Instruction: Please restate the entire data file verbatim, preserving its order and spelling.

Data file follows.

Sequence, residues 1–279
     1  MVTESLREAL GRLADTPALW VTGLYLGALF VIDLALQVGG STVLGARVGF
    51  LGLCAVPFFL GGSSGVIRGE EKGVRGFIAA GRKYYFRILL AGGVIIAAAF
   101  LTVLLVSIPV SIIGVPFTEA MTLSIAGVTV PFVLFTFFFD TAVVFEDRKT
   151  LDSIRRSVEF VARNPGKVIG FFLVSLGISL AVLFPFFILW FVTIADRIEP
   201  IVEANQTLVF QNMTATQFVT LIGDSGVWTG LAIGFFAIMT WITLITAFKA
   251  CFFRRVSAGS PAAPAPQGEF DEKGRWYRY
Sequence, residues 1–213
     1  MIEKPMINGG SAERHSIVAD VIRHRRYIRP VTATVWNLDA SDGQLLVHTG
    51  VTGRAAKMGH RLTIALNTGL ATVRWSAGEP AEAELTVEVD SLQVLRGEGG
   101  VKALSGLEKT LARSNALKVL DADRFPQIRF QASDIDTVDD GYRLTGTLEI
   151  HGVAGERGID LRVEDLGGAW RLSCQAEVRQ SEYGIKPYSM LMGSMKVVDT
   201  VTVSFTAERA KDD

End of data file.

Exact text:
Sequence, residues 1–279
     1  MVTESLREAL GRLADTPALW VTGLYLGALF VIDLALQVGG STVLGARVGF
    51  LGLCAVPFFL GGSSGVIRGE EKGVRGFIAA GRKYYFRILL AGGVIIAAAF
   101  LTVLLVSIPV SIIGVPFTEA MTLSIAGVTV PFVLFTFFFD TAVVFEDRKT
   151  LDSIRRSVEF VARNPGKVIG FFLVSLGISL AVLFPFFILW FVTIADRIEP
   201  IVEANQTLVF QNMTATQFVT LIGDSGVWTG LAIGFFAIMT WITLITAFKA
   251  CFFRRVSAGS PAAPAPQGEF DEKGRWYRY
Sequence, residues 1–213
     1  MIEKPMINGG SAERHSIVAD VIRHRRYIRP VTATVWNLDA SDGQLLVHTG
    51  VTGRAAKMGH RLTIALNTGL ATVRWSAGEP AEAELTVEVD SLQVLRGEGG
   101  VKALSGLEKT LARSNALKVL DADRFPQIRF QASDIDTVDD GYRLTGTLEI
   151  HGVAGERGID LRVEDLGGAW RLSCQAEVRQ SEYGIKPYSM LMGSMKVVDT
   201  VTVSFTAERA KDD